In 1988, Buhari and his first wife Safinatu divorced. In December 1989, Buhari married his second and current wife Aisha Buhari (née Halilu). They also had five children together, a boy and four girls: Aisha, Halima, Yusuf, Zahra and Amina.
On January 14 2006, Safinatu Buhari, the former first lady, died from complications of diabetes. She was buried at Unguwar Rimi cemetery in accordance with Islamic rites.
In November 2012, Buhari’s first daughter, Zulaihat (née Buhari) Junaid died from sickle cell anaemia, two days after having a baby at a hospital in Kaduna. He has received several awards and medals. In alphabetical order they include Congo Medal (CM), Defence Service Medal (DSM),General Service Medal (GSM), Global Seal of Integrity (GSOI), Gran Collar De La Orden De La Independencia translated as Grand Collar of the Order of the Independence was conferred on Buhari by President Teodoro Obiang Nguema Mbasogo of Equatorial Guinea at the Presidential Palace on 14th of March 2016, Grand Commander of the Federal Republic of Nigeria (GCFR), Loyal Service and Good Conduct Medal (LSGCM) and National Service Medal (NSM)
The Man Atiku Abubakar
Atiku Abubakar was on the 25th of November 1946. He is one of the successful business icons in Nigeria. Many have described him as a political juggernaut. He was vice-president of Nigeria 1999-2007 under President Olusegun Obasanjo. The duo emerged under the platform of the People’s Democratic Party (PDP).
Abubakar worked in the Nigeria Customs Service for twenty years, rising to become the Deputy Director, as the second highest position in the Service was then known. He retired in April 1989 and took up full-time business and politics. He ran for the office of governor in the Gongola State (now Adamawa and Taraba States) in 1991, and for the Presidency in 1993, placing third after MKO Abiola and Babagana Kingibe in the Social Democratic Party (SDP) primaries.
In 1998 he was elected Governor of Adamawa State. While still Governor-Elect he was selected by the Peoples Democratic Party (PDP) Presidential candidate Olusegun Obasanjo as his running mate. The duo went on to win elections in February 1999, and Abubakar was sworn-in as Nigeria’s second democratically elected vice president on 29 May 1999.
Abubakar’s second term as Vice President was marked by a stormy relationship with President Obasanjo. His bid to succeed Obasanjo did not receive the latter’s support, and it took a judgment of the Supreme Court to allow Abubakar contest after he was initially disqualified by the Independent National Electoral Commission on the grounds that he had been indicted for financial misconduct by an investigating panel set up at Obasanjo’s behest. The Supreme Court ordered the electoral commission to restore Abubakar’s name onto the presidential ballot. Abubakar ran on the platform of the Action Congress, having quit the PDP on account of his issues with President Obasanjo. Abubakar lost the election, placing third after Umaru Yar’Adua and Muhammadu Buhari of the All Nigeria Peoples Party (ANPP).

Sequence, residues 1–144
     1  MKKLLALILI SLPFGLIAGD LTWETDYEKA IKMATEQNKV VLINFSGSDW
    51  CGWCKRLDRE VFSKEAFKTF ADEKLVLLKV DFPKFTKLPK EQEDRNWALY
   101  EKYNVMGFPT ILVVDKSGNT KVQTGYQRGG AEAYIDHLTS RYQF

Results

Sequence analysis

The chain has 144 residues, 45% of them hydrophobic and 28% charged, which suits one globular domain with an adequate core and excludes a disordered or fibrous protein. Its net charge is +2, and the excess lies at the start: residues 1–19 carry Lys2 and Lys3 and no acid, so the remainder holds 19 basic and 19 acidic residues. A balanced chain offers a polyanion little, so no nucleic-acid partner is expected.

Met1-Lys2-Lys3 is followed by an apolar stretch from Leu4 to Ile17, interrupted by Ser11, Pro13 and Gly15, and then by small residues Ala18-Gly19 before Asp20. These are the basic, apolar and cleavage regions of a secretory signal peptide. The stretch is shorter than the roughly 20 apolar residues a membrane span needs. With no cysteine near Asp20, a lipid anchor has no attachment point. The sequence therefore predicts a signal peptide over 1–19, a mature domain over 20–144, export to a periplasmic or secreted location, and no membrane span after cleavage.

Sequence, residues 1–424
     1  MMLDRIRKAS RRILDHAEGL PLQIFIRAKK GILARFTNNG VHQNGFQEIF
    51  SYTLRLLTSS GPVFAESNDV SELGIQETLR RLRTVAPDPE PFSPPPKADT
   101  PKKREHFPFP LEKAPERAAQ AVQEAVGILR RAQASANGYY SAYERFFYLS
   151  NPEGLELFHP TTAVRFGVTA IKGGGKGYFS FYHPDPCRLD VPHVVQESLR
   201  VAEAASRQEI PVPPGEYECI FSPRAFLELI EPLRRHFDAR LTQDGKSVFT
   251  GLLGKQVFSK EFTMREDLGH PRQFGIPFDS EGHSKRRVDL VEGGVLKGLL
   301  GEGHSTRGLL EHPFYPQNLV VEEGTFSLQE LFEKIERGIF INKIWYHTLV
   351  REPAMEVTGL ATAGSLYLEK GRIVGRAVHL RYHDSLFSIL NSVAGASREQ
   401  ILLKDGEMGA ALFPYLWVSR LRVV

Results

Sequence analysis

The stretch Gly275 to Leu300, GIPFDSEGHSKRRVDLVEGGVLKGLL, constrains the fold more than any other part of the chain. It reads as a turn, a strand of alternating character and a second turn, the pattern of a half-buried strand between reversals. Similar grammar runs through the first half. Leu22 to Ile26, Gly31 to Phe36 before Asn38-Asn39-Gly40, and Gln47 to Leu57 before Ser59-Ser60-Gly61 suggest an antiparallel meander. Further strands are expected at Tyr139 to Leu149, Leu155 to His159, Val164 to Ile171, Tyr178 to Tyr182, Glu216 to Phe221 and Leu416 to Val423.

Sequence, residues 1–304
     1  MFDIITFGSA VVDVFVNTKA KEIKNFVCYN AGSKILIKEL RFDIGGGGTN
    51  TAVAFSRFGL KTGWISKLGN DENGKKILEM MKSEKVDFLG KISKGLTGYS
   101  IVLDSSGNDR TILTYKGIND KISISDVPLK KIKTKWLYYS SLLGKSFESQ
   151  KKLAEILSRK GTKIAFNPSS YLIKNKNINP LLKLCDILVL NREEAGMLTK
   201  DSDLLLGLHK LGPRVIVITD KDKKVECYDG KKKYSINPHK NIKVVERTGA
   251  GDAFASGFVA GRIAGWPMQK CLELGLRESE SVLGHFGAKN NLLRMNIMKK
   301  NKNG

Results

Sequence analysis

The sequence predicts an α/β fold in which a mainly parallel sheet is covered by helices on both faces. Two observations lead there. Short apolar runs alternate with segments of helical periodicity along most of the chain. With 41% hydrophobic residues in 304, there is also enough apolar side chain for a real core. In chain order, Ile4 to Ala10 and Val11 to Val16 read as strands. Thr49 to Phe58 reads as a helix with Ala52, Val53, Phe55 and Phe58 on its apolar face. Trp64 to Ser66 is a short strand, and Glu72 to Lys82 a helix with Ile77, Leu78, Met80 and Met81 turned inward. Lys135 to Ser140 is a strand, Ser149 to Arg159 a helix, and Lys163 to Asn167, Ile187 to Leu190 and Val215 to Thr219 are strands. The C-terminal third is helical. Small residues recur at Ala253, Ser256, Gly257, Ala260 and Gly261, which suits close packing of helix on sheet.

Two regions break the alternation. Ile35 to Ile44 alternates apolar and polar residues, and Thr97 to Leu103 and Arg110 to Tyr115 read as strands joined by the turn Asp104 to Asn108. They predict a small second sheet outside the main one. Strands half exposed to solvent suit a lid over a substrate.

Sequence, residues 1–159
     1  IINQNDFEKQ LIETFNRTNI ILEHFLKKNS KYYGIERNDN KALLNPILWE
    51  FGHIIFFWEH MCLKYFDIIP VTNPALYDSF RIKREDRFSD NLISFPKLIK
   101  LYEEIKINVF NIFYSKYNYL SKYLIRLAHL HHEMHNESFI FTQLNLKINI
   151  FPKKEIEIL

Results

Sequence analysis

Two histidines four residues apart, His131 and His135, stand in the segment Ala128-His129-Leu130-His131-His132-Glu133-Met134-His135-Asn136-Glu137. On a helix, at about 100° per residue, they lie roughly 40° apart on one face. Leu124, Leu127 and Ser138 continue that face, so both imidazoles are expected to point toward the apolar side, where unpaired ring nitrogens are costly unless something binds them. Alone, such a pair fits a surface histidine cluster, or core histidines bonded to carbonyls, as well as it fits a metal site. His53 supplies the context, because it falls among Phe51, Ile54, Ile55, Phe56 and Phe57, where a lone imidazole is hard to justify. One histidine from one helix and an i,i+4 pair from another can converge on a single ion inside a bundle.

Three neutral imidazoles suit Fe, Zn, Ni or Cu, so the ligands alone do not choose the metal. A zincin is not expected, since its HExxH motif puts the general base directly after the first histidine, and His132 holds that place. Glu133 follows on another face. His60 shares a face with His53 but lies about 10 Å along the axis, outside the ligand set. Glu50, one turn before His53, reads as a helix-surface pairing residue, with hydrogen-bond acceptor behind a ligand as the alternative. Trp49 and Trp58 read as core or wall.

Abubakar is a co-founder of Intels, an oil servicing business with extensive operations in Nigeria and abroad. He is also the founder of Adama Beverages Limited, and the American University of Nigeria (AUN), both in Yola, Adamawa.
The PDP presidential flagbearer was bornto a Fulani trader and farmer Garba Abubakar, and his second wife, Aisha Kande, in Jada village of Adamawa State. Atiku Abubakar became the only child of his parents when his only sister died at infancy. Atiku’s father and mother divorced before his father died in 1957 and his mother remarried. Eventually, his mother died in 1984 of heart attack
Like many of his generation, Abubakar’s father was opposed to the idea of Western education, and tried to keep Abubakar out of the traditional school system. When the government discovered that Abubakar was not attending mandatory schooling, his father spent a few days in jail until Aisha Kande’s mother paid the fine At the age of eight Abubakar enrolled in the Jada Primary School. In 1960, he was admitted to Adamawa Provincial Secondary School in Yola where he did well in English Language and Literature, struggled with Physics and Chemistry and Mathematics. He graduated with a Grade Three WASSCE/GCE Certificate in 1965.
Following secondary school, Abubakar studied a short while at the Nigeria Police College in Kaduna . He left the College when he was unable to present an O-Level Mathematics result. He worked briefly as a Tax Officer in the regional Ministry of Finance, from where he gained admission to the school of Hygiene in Kano in 1966. He graduated with a Diploma in 1967, having served as Interim Student Union President at the school. In 1967 he enrolled for a Law Diploma at the Ahmadu Bello University Institute of Administration, on a scholarship from regional government. After graduation in 1969, during the Nigerian Civil War, he was employed by the Nigeria Customs Service.
Atiku Abubakar has four wives and is the father of 23 children.While at Idi-Iroko, Abubakar met nineteen-year-old Titilayo Albert, who he secretly married in December 1971, in Lagos, because her family was initially opposed to the union. On 26 October 1972, Titilayo delivered a baby girl they named Fatima. She later gave birth to Adamu, Halima and Aminu.
In January 1979 he married Ladi Yakubu as his second wife. “I wanted to expand the Abubakar family. I felt extremely lonely as a child. I had no brother and no sister. I did not want my children to be as lonely as I was. This is why I married more than one wife. My wives are my sisters, my friends, and my advisers and they complement one another,” Abubakar has said. He has six children with Ladi: Abba, Atiku, Zainab, Ummi-Hauwa, Maryam and Rukayatu.